Glenwood Spring: A Premier Park — and Water Supply?

H. W. S. Cleveland, the landscape architect who created the blueprint for Minneapolis’s park system in 1883, made his first visit to Glenwood Spring near Bassett’s Creek in north Minneapolis in the spring of 1888. In a letter to the Minneapolis Tribune, published April 22, 1888. Cleveland described that visit.

Bassett's Creek in the vicinity of Glenwood Spring about 1910 according to the Minnesota Historical Society. I'm not familiar enough with the lay of the land in the area to guess the exact location of this scene, but I was struck by how open the landscape was,especially given Cleveland's description of "the presence of large bodies of very fine native trees." Perhaps they were behind teh photographer who took this picture. (Minnesota Historical Society)

Bassett’s Creek in the vicinity of Glenwood Spring, about 1910 according to the Minnesota Historical Society. I’m not familiar enough with the lay of the land in the area to guess the exact location of this scene, but I was struck by how open the landscape was, especially given Horace Cleveland’s description of “large bodies of very fine native trees” in the vicinity of the spring. Perhaps those groves were behind the photographer. (Minnesota Historical Society)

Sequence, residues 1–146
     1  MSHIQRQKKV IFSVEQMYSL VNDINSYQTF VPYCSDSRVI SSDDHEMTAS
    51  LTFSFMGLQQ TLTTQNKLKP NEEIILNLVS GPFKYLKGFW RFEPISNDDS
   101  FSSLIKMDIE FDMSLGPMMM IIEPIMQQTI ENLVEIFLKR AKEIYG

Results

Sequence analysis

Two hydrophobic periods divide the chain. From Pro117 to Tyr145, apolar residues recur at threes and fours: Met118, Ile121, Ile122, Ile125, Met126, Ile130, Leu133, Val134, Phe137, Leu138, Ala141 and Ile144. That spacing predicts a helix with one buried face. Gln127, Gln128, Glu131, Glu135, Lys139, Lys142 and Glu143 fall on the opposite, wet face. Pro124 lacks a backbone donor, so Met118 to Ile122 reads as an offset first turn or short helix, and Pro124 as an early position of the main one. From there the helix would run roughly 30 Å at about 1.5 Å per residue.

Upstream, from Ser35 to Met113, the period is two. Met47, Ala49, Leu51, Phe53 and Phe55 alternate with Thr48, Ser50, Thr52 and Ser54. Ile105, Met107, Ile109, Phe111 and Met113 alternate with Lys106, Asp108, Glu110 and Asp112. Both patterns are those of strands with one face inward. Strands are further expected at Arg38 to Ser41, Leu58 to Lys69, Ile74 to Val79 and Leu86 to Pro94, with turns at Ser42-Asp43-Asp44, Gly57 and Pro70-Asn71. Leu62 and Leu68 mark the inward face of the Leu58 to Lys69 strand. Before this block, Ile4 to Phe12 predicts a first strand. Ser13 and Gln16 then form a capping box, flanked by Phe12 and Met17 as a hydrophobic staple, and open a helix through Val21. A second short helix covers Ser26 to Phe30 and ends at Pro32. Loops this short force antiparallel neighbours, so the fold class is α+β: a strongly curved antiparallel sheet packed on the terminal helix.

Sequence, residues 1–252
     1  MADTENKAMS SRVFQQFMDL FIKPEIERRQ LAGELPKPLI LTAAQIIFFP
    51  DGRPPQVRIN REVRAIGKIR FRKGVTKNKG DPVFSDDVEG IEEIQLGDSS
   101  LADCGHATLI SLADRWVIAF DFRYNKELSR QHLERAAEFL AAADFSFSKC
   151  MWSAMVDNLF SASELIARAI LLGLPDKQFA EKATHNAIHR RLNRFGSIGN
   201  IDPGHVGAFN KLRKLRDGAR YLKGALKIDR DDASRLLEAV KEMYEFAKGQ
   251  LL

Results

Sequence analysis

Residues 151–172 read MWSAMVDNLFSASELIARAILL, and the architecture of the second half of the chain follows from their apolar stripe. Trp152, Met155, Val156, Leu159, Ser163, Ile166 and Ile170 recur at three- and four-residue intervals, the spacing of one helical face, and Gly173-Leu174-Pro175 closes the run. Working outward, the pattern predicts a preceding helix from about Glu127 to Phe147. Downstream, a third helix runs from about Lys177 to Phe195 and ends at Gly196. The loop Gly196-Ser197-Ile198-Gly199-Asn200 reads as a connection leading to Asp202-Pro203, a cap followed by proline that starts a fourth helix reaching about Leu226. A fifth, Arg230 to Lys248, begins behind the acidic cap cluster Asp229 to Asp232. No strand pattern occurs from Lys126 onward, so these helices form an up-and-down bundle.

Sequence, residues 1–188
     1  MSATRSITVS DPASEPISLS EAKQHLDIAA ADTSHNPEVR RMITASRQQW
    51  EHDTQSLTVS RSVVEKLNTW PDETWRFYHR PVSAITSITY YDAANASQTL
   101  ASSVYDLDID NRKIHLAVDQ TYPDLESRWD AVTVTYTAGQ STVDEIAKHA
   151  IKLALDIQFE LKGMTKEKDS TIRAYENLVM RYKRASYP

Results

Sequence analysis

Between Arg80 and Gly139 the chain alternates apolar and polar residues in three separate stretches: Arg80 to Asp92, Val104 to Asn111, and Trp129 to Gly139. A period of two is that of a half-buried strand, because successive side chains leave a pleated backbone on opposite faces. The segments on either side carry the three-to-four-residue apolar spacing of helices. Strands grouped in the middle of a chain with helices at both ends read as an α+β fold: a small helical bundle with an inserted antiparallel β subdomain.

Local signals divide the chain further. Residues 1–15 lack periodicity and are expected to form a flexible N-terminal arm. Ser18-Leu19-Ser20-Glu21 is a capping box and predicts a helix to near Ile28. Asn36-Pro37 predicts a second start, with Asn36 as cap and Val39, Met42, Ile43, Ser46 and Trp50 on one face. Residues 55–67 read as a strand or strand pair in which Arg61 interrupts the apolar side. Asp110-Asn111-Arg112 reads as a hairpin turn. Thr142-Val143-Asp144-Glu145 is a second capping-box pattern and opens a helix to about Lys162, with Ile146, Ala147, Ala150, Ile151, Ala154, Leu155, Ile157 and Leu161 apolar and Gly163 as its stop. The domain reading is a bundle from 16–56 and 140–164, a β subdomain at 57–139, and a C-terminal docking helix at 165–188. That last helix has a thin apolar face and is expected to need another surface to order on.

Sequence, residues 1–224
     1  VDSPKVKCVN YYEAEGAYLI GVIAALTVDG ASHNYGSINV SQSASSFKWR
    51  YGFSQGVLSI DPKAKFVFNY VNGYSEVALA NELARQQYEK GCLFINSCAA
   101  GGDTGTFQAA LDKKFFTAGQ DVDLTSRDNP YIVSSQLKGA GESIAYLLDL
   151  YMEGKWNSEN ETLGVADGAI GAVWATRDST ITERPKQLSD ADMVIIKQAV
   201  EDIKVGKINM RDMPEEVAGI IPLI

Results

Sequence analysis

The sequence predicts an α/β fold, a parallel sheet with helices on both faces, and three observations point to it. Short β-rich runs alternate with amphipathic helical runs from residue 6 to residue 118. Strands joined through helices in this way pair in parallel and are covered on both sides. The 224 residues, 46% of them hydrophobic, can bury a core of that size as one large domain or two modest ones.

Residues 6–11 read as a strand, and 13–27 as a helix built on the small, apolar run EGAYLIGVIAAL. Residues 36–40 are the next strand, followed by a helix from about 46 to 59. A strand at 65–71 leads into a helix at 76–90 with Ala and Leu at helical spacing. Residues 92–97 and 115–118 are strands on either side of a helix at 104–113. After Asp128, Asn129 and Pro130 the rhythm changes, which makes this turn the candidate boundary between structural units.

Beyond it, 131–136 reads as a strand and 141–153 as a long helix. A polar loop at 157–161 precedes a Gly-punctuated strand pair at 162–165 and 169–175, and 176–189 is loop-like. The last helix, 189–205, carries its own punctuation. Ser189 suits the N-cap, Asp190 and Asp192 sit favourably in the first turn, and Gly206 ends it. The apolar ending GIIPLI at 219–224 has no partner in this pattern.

Cleveland’s letter addressed the subject of the city’s water supply, noting that when he and his family moved to Minneapolis from Chicago in 1886 they experienced deleterious health effects — “winter cholera,” as he put it — that they thought might be associated with Minneapolis tap water. He reported that after they began using Glenwood spring water his family had no further health issues and they also found the spring water more “palatable” than the city water, which was taken from the Mississippi. Cleveland wrote that he had used the spring water for more than a year before he visited the neighborhood of the springs. When he finally did visit,

“I was not alone surprised and delighted by the beauty of the springs themselves, and their topographical surroundings, but amazed and grieved that my attention had not been called to the locality when I first came by invitation of the park commissioners, five years previous, to study the possibilities of park improvements.”